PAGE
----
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Saturday, November 26, 2022

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Stacie Hunter is

Passionate when it comes to her community. Service is at the heart of it all when it comes to JPMorgan Chase’s Vice President and Community Manager for the City of Detroit. Stacie has been fortunate to combine her life’s mission with her role at JPMorgan Chase. Read on to discover what motivates her, the challenges she faced along the way, and how she maintains her never ending passion to assist people in every aspect of their lives.

INTERVIEW BY BILLY STRAWTER, JR.; PHOTOGRAPHED BY ROBIN GAMBLE PHOTOGRAPHY; STYLED BY JADE MILLER and STACIE HUNTER.

I’m thankful to finally be in a place where I am recognized for my worth, my knowledge, my wisdom, and my connection to the community.

BLAC: Stacie, the first question is a soft ball, and they get easier from here. We would love to know when you were growing up what did you want to be?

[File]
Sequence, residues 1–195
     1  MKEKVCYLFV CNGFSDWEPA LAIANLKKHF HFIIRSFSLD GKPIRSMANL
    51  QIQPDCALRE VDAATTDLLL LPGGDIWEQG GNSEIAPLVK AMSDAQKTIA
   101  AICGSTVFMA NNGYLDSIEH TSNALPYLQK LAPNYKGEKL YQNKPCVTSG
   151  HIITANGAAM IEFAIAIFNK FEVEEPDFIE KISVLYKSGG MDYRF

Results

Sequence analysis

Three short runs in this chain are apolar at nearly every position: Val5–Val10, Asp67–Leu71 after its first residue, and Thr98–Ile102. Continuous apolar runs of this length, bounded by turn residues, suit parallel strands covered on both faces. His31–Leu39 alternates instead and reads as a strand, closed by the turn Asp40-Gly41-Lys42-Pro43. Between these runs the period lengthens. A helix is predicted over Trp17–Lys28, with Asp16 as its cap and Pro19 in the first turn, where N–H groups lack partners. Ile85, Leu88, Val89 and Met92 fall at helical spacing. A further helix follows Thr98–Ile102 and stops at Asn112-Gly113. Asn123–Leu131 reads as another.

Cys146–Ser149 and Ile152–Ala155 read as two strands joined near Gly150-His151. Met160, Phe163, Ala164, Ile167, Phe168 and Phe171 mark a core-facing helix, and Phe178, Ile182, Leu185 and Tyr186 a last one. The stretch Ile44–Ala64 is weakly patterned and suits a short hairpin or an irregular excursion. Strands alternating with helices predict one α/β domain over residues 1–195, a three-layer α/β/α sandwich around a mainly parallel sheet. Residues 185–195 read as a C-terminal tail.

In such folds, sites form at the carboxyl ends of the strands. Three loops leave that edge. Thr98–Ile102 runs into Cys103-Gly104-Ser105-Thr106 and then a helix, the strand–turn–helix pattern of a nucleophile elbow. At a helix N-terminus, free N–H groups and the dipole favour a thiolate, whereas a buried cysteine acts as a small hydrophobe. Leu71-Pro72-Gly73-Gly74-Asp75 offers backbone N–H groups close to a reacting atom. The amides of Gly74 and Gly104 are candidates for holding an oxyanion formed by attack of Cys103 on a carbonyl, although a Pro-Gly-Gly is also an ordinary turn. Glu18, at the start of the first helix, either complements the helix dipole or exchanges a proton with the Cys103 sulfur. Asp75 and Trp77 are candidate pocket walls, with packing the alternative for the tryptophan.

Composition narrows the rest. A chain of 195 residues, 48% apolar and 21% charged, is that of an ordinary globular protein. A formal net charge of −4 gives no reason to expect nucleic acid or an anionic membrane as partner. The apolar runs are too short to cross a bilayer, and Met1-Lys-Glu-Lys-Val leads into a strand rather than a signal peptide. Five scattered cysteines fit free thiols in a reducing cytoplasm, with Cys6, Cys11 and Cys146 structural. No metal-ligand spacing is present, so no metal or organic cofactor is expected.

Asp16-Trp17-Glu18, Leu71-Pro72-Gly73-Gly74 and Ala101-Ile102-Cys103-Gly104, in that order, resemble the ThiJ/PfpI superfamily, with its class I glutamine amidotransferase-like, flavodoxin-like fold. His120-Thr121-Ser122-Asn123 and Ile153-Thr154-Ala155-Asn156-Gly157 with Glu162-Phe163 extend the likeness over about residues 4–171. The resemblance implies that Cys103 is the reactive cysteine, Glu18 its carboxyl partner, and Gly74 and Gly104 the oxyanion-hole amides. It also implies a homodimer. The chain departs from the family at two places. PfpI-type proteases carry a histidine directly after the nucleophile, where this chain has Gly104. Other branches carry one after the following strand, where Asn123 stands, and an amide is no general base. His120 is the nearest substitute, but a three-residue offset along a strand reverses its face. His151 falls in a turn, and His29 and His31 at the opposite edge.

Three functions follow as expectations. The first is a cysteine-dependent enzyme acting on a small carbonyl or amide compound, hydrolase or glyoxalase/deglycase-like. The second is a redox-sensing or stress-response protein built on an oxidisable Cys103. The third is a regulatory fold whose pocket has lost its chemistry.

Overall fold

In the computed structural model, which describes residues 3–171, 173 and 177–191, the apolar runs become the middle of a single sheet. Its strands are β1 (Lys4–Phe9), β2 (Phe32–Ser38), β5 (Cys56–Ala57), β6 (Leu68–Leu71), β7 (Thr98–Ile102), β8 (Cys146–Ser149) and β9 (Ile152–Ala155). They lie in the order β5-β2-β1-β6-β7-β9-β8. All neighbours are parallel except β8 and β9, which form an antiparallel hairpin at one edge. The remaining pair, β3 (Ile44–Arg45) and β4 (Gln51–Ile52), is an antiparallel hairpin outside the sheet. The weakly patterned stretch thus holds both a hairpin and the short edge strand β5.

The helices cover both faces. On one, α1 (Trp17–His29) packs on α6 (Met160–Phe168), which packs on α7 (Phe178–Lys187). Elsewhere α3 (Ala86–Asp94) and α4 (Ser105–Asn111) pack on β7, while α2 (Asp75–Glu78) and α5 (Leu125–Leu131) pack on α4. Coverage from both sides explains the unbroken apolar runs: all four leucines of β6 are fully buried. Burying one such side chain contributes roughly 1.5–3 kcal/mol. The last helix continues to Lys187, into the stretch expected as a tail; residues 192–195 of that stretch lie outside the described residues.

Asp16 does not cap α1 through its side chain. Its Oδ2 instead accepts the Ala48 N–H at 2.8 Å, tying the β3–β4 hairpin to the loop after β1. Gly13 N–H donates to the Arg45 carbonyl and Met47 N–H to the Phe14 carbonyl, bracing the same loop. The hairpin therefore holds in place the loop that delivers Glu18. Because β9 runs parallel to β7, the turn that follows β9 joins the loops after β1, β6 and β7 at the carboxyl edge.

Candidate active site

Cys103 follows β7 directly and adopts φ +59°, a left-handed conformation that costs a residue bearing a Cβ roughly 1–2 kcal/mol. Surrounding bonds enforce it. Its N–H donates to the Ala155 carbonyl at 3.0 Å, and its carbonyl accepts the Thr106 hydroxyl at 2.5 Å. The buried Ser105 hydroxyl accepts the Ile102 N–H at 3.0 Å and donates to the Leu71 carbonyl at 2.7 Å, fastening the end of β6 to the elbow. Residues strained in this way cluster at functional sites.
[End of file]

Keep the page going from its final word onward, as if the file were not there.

I always wanted to be a pediatrician because I love helping people and I was very keen on helping children. I actually started down that path. I’m a first-generation college student and ended up getting a full ride to Western but I didn’t go because my parents were unsure, so I didn’t go. I’m sure you’ve heard that story before.

I ended up at Wayne State and was working a couple of jobs to put myself through college. My counselor told me, “Hey Stacie, you’re not going to make it. You can’t work and be a doctor.” So, I changed my major. I wish I could go back and do it over all over again, but I ended up going into business. At the end of the day, I am still doing what I wanted to do because I am still helping people and am now pursuing my doctorate degree. I should be a doctor soon and through my work as a Community Manager, I am helping people in my community.

BLAC: What advice would you give to your younger self?